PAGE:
It would cost more to register a vehicle, get a driver's license and buy gas in Wisconsin under a series of recommendations unanimously approved by a group studying ways to shore up transportation funding in the state.
The recommendations would generate about $479 million a year over the next 10 years, according to information released Wednesday by the Transportation Finance and Policy Commission.
Transportation Finance and Policy Commission member John Antaramian of Kenosha said Wednesday it will be an uphill battle to get the recommendations approved. But he said lawmakers and Walker must look at the needs of the state and the importance available to address them.
"Once the report is out and people actually take a look at what we are suggesting, is it an uphill fight? Absolutely. But people who should be looking at this in the Legislature need to look at it on the basis of economic development and the ability of people to get to where they need to go," Antaramian said.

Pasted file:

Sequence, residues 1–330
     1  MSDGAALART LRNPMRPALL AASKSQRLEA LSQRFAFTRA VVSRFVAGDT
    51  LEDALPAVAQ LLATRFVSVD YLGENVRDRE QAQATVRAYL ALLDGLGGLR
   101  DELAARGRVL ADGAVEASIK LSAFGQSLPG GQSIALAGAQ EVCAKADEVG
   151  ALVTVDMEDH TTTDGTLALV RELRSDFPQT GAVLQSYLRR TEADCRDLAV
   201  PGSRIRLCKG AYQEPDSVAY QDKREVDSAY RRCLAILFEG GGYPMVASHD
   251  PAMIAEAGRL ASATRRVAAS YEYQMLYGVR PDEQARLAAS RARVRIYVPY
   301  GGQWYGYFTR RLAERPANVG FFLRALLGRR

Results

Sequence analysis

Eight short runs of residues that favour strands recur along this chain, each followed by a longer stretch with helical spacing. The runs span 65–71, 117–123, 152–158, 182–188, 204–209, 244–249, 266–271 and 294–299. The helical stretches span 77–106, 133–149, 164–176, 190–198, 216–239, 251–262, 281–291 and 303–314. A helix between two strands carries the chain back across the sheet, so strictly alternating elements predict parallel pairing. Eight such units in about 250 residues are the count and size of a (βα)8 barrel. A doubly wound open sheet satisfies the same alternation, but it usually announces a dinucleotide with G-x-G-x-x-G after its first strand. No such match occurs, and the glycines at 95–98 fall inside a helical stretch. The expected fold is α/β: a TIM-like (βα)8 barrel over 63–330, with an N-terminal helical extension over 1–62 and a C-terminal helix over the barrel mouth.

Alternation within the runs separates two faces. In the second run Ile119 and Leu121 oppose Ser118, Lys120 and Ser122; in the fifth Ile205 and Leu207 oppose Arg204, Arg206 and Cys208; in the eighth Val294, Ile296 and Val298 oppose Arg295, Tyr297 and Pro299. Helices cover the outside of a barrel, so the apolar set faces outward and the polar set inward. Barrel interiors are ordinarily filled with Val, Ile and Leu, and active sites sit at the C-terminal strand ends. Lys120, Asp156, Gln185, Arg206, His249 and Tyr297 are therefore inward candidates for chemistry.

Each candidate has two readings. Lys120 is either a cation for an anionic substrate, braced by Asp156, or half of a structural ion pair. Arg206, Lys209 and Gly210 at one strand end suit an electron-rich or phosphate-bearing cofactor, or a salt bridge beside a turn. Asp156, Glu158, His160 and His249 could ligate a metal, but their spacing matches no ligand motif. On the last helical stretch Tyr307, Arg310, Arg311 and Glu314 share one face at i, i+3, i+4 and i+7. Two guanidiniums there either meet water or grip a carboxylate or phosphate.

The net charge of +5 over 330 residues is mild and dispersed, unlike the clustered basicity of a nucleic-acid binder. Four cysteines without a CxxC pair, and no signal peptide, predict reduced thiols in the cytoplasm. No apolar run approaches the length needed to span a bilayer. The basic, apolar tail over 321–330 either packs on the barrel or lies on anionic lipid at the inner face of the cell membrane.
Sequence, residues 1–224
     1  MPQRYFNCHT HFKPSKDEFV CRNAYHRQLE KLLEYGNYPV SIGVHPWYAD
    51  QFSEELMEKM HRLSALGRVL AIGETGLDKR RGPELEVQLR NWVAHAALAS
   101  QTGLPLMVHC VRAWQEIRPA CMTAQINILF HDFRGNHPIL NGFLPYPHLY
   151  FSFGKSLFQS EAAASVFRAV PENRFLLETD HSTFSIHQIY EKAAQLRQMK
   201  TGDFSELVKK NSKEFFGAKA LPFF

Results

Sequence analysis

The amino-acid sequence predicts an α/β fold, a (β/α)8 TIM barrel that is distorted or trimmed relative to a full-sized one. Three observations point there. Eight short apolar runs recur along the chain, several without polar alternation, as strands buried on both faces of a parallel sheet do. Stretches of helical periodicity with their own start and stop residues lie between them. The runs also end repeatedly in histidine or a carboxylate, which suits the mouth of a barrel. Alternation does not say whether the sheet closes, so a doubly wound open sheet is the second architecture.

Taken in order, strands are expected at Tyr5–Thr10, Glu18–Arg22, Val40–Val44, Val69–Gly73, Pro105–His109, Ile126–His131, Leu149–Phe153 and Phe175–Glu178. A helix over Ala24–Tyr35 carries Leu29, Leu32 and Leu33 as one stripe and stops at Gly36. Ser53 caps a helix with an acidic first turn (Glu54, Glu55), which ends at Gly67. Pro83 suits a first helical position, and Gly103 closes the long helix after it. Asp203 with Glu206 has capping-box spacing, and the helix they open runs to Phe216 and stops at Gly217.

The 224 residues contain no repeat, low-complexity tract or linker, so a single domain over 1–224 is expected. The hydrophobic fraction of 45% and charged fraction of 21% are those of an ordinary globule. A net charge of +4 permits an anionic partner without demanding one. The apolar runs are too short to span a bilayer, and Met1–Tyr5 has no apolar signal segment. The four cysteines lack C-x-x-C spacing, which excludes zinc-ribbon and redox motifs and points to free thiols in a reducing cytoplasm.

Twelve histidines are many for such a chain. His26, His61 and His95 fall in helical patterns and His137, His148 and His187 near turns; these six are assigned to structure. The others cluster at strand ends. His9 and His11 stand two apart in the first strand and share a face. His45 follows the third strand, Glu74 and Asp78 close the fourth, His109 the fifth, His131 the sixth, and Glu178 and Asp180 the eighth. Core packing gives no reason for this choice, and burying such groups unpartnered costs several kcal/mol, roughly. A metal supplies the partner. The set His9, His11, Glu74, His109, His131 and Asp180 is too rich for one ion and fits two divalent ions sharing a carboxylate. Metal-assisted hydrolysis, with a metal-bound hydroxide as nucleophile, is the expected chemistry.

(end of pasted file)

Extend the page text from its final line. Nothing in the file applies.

Many of the group's ideas have already been rejected by Gov. Scott Walker.
The commission said the impact on the average driver would be $120 a year.
Antaramian said he has faith policy makers will deal with the issue.
Walker has said improving the state's infrastructure is one of his priorities, but he is opposed to raising the gas tax. He will outline his plan in his state budget to be released next month.